Plaintiffs and environmentalists alike welcomed the unusual decision by the U.S. Court of Appeals for the District of Columbia Circuit to postpone oral arguments on the Clean Power Plan until September. The court had scheduled the arguments for June 2 before a three-judge panel. But in a move widely seen as an acknowledgment of the serious issues involved, the arguments were rescheduled for hearing Sept. 27 by the full Court of Appeals.

President Barack Obama (D) announced the Clean Power Plan on Aug. 3, 2015, calling it “the single most important step America has ever taken in the fight against global climate change.” The plan’s goal is to reduce carbon pollution from power plants, the source of 31% of U.S. greenhouse-gas emissions. Implementation is to begin with setting of goals for carbon-dioxide emissions by the Environmental Protection Agency. The goals are tailored for each state, tribe and U.S. territory, leaving the decisions on how to meet them to plans drawn up by the state and local authorities.

The first lawsuit against it was filed in June, eight weeks before the President’s announcement, and on Aug. 1, two days before the announcement, 11 states, led by West Virginia and Texas, filed suit challenging the authority of the EPA to regulate greenhouse-gas emissions under the Clean Air Act. That suit now has attracted 26 petitioner states. In February 2016, the U.S. Supreme Court granted a stay on the Clean Power Plan, halting its implementation pending a June review by a panel of three judges of the U.S. Court of Appeals for D.C. That court was expected to publish its decision in the fall. Now it has rescheduled arguments for hearing by the full 11-member Court of Appeals.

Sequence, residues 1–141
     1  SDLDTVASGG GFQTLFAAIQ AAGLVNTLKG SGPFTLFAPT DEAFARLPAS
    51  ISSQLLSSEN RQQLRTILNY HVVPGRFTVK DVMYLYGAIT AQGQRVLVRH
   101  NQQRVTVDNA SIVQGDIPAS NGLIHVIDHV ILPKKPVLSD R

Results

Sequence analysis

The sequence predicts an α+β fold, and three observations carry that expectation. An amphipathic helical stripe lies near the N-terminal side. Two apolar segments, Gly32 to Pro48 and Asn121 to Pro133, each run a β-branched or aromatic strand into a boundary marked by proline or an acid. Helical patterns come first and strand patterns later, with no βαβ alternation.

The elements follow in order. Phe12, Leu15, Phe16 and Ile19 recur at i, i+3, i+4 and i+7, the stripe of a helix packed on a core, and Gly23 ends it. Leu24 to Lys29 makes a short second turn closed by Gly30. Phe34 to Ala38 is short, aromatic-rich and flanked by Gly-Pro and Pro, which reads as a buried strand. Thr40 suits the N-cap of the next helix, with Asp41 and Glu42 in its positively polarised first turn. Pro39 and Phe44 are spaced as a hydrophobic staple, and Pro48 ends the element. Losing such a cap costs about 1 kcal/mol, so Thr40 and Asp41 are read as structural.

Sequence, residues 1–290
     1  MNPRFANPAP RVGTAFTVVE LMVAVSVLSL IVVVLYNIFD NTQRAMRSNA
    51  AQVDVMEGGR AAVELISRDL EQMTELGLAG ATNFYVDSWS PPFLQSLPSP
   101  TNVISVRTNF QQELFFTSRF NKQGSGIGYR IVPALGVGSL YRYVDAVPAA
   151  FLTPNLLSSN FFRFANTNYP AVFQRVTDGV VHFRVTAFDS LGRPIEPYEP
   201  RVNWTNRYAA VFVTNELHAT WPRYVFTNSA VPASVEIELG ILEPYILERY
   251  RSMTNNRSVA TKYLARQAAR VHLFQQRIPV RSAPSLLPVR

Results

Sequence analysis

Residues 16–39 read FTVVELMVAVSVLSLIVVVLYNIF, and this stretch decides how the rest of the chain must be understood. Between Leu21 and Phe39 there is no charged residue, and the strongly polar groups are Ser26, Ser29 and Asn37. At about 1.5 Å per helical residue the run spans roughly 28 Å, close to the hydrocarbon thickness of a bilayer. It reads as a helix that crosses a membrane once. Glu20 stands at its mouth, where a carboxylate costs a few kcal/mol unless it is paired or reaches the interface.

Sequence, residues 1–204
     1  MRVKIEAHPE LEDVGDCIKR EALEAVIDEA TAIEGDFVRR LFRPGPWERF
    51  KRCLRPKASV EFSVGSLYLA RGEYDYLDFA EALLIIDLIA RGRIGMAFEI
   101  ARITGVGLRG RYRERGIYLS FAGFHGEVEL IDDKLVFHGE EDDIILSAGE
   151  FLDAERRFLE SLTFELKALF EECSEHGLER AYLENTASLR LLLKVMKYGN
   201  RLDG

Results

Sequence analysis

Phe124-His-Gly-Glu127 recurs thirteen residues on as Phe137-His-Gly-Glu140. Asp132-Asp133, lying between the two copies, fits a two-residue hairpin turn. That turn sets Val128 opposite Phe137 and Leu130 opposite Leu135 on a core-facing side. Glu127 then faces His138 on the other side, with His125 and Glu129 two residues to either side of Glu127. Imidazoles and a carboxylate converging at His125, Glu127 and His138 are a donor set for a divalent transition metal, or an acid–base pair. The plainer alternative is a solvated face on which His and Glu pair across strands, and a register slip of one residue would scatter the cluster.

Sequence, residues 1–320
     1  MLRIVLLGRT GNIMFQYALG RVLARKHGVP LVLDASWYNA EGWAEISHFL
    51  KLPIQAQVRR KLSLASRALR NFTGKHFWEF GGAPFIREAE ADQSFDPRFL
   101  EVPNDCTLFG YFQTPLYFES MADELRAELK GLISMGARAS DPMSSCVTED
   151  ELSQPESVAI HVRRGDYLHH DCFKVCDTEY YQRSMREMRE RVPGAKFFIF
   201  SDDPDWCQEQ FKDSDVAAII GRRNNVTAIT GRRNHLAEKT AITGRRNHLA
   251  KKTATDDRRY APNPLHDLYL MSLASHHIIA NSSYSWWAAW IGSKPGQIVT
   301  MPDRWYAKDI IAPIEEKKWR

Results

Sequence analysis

“We welcome this unusual step by the full court, which confirms our long-held view that the Power Plan is an unprecedented and transformative rule of a kind the states have never seen from EPA,” West Virginia Attorney General Patrick Morrisey (R) said in a statement. “We look forward to presenting our arguments in September.” The Natural Resources Defense Council also sees the postponement in a positive light. “The court's order today may well speed up final resolution of the case,” said David Doniger, director of the Climate and Clean Air Program at NRDC. “We look forward to our day in court, and remain confident that the Clean Power Plan will prevail over efforts by polluters and their allies to block climate action.”